The future of shelter
People will always find ways and resources to secure shelter, however unsafe and inadequate, and whether in dense urban environments or amid the utter devastation of disasters. And whatever the context, the biggest challenges remain the same: rebuilding with an understanding of risk and environmental impact, and seeing housing as a part of a community’s resilience, along with other components such as livelihoods, health and culture. Securing land tenure and access to financing are additional, and crucial, challenges.
Some of the shelter solutions used by the humanitarian sector after disasters now inspire and inform people working to address the long-term, chronic housing shortage in urban areas. Specific urban realities, such as high density and complex infrastructure needs, make a simple transfer of a shelter model unworkable, but a people-centred shelter approach can work for urban dwellers too.
For example, research by Arif Hasan and his team in Karachi slums has shown that relocation to apartment blocks — the planners’ solution — typically leads to more poverty and isolation. Instead, planning for low-income urban settlements that can be expanded incrementally by those who occupy them — an owner-led approach — facilitates economic and social progress. 
Meanwhile, in cities, architectural firms continue to propose highly technical alternatives to urban slum housing, such as futuristic-looking skyscrapers that use recycled shipping containers as building blocks to provide a type of transitional shelter to replace slum housing. But do these suit people’s needs, lifestyles or livelihoods? Most likely not: they are costly to build and completely outside the control or culture of the potential inhabitants.
Providing homes to the billions of people who need them remains a complex and overwhelming challenge. But decades of assistance in urban and rural areas following disasters, migration or economic hardship, have shown that the biggest impact comes not from technology, but from involving communities in building their own homes. Real progress tends to come from small, simple improvements in design that everyone can use, a return to the traditional and the natural, care for safety and the environment and, most importantly, engaging families in creating their homes and habitats.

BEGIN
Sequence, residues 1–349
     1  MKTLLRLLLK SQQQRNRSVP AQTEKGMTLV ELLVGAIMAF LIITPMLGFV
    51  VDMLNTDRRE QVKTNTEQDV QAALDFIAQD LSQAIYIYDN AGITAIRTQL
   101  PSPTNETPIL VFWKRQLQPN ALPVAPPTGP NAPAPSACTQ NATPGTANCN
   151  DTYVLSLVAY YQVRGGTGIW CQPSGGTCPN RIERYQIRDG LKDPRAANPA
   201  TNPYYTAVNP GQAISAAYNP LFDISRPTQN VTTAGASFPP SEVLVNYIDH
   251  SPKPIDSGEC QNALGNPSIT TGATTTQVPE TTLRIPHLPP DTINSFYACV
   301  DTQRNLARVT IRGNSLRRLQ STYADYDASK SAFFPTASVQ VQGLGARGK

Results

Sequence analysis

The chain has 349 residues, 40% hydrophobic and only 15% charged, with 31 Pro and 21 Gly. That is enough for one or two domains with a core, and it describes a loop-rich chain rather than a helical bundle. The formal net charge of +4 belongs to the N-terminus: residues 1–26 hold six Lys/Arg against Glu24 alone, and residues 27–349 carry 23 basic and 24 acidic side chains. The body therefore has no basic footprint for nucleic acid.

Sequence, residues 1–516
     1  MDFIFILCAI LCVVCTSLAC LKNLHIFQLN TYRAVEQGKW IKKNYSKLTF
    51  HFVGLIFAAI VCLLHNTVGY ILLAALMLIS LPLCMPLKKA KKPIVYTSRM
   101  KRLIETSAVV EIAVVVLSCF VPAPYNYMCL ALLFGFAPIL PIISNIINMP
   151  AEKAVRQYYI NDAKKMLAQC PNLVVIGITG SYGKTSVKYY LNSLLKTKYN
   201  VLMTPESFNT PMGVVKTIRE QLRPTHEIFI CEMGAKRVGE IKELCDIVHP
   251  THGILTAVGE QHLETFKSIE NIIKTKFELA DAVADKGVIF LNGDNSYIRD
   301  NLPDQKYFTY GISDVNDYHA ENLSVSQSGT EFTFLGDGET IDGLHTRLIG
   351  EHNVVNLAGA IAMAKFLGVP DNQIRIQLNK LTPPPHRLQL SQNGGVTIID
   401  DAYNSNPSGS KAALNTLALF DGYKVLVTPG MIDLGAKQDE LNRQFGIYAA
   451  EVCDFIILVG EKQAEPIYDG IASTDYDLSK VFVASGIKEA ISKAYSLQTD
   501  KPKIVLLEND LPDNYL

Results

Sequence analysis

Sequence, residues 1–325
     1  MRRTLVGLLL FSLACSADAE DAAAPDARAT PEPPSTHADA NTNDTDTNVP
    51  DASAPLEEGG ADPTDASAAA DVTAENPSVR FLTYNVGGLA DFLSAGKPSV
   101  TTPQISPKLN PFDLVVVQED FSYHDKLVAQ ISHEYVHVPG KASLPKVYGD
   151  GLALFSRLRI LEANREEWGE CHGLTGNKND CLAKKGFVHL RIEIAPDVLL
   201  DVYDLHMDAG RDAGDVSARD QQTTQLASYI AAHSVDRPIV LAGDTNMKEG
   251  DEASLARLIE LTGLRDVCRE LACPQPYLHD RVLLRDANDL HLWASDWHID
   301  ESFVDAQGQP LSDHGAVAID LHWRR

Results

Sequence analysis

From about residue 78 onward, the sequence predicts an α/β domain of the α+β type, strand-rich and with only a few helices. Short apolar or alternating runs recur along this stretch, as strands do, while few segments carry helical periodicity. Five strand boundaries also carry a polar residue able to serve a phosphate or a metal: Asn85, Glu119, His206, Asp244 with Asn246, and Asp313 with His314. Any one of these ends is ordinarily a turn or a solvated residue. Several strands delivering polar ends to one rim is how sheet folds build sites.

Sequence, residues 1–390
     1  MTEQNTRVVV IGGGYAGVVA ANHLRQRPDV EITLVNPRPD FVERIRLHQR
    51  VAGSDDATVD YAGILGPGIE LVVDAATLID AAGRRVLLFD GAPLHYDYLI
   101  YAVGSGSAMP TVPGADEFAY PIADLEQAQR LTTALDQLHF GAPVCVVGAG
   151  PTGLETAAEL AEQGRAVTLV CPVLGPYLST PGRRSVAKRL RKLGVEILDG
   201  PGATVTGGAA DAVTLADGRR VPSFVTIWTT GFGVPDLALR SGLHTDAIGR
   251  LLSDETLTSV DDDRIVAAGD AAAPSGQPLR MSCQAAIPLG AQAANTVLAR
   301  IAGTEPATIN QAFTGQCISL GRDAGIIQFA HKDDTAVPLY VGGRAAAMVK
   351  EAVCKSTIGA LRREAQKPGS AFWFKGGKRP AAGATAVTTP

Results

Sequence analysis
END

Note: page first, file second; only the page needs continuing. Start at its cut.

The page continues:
Monica Wolfe Murray is a writer and editor, and formerly programme design and implementation advisor at UN-Habitat. She can be contacted at email@example.com
|Adaptation (to climate change)||The ways that natural and human systems adjust to changing climatic factors in order to mitigate harmful impacts or exploit opportunities to thrive and develop.|
|Build Back Better/Build Back Safer||An approach to shelter reconstruction that aims to reduce vulnerability to natural hazards and improve living conditions, but also to promote a more effective rebuilding process. The term also describes solutions and details incorporated into house design and building technologies for making houses more resistant to natural disasters.|
|Building code||A set of regulations and standards to control aspects of the design, construction, materials, alteration and occupancy of housing. The goal is to ensure they are safe by, for example, making them resistant to collapse, damage and fire.|
|Climate change||A change in the earth’s climate in addition to natural variability and related directly or indirectly to human activity. The term describes changes that persist for decades or longer, and alter the composition of the global atmosphere.|
|Construction technology||The choice of building materials, techniques and other methods used to erect or repair a house.|
|Disaster||An unforeseen and often sudden event that combines with vulnerability to seriously disrupt how a community or society functions, beyond its ability to cope using its own resources. It involves loss of life and other impacts to human wellbeing together with damage to property and other assets, loss of services, social and economic disruption and environmental degradation.|
|Disaster risk reduction (DRR)||The theory and practice of reducing potential disaster losses by systematically analysing causal factors and corresponding measures that could mitigate the risk, such as wise environmental management and improved preparedness.|
|Displacement||Forcible or voluntary movement of people away from their homes. Those who remain within their country’s borders are known as internally displaced persons and those who flee outside the borders are known as refugees. Displacement may be caused by disasters, conflict, human rights violations or other traumatic events.|
|Hazard||A term that describes potential threats to people, the environment and the economy that are not always predictable. A hazard can be climatological, geological, hydrological or biological.|
|Housing||The immediate physical environment, both within and outside of buildings, in which families and households live and which serves as shelter.|
|Incremental sheltering/incremental housing||A process that draws inspiration from, and supports, the way informal settlements grow — starting with a one-room ‘core’ shelter and then adding extra units and functions as needs arise and when resources are available. It is increasingly supported as a low-cost solution that empowers communities, especially in urban areas.|